19 Mining A surprising amount of land is used for mining minerals; used in cars, stereos, refrigerators, buildings, concrete, glass, brick and many other products we used everyday Minerals – solid substances found in nature and consist of a single element or compound (salt, gold, silver, iron, copper, aluminum) Two methods for extracting minerals: open-pit mining - machines dig large holes and remove ore; and strip-mining - huge bull-dozers and other machines are used to clear away large strips of the Earths surface

20 The Effects of Mining Causes environmental damage; disruption of the land and ugly piles of waste materials left behind; habitats are lost; natural ecosystems are disrupted Large scale removal of vegetation can cause land erosion and landslides; toxic materials left behind can pollute both air and water; lots of energy is used extract and process the material US mines produce more waste than all the cities and towns combined; copper mines produce 1200 metric tons of waste per metric ton of copper metal produced

21 Responsible Mining One way to reduce the damage from mining is to restore the land to the condition it was before the mining began (reclamation) Environmental laws in the US now require companies to reclaim the mining sites on private land; some states have laws requiring reclamation on private land Another way to reduce the destructive effects of mining is to reduce the need for more minerals – by recycling

22 8.3 Public Land in the United States In the early 1870s, explorers expressed concern about the vast beauty of the west and asked the government to set aside that land for public use; birth of our national parks The US government established 55 national parks and other protected lands to be used as public lands US has encouraged other nations to do the same

23 This Land Belongs to You and Me 40% of all the land in the US is publicly owned Managed by federal, state and local governments Most of this government owned land is out west and Alaska; if you are a US citizen, you are a partial owner of these lands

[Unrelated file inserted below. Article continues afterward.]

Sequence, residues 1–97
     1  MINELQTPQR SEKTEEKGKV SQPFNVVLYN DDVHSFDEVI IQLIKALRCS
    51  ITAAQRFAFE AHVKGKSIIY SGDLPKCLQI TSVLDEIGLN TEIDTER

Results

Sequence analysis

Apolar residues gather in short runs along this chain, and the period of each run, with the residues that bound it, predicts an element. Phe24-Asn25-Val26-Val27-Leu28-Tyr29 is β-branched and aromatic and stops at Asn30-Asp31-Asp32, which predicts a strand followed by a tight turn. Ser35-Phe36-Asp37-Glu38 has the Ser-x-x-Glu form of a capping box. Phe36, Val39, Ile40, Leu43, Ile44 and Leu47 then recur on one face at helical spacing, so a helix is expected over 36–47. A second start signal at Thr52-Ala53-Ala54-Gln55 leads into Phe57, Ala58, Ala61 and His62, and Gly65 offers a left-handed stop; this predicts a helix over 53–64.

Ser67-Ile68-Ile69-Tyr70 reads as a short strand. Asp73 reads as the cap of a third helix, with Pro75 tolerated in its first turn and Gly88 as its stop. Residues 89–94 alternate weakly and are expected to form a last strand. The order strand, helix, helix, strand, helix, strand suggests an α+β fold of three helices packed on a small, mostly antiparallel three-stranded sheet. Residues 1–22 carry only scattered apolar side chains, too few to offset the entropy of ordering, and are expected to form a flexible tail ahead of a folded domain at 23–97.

24 Managing Our Public Land Because land resources are so valuable, this land can be used in several ways (multiple-use management); proving the greatest value for the greatest number of people Ex: National forest (recreation, logging, mining); private individuals and corporations can often harvest or extract natural resources Problem: different people have different ideas of how this land should be used; you will see battles between developers and conservationists

25 Wilderness Wilderness Act of 1964 defines wilderness as an area in which the land and the ecosystem it supports are protected from all development 657 regions covering 104 million acres have been designated as wilderness (open to hiking, fishing, boating – without a motor, camping); cannot build roads or use motorized equipment Provides habitats for wild animals and plants

26 Troubled Lands As populations grow, people are using those wilderness areas and destroying them by trampling plants, eroding soil from trails and campsites, bathing, washing dishes (polluting rivers and streams), and leaving behind trash Originally, mining and ranching were allowed in wilderness areas (until 1983); filed petitions to remain in operation even to this day; nearby effects of grazing, logging, factories (air pollution) still affect these regions today

27 People Control in Wilderness Areas Limits have been established in some areas (how many people who can hike and camp); must apply for permits Some areas are off limits to camping and are patrolled Volunteers help to pick up trash and build trails; education programs are being implemented to help people better understand and reduce the impact on the natural world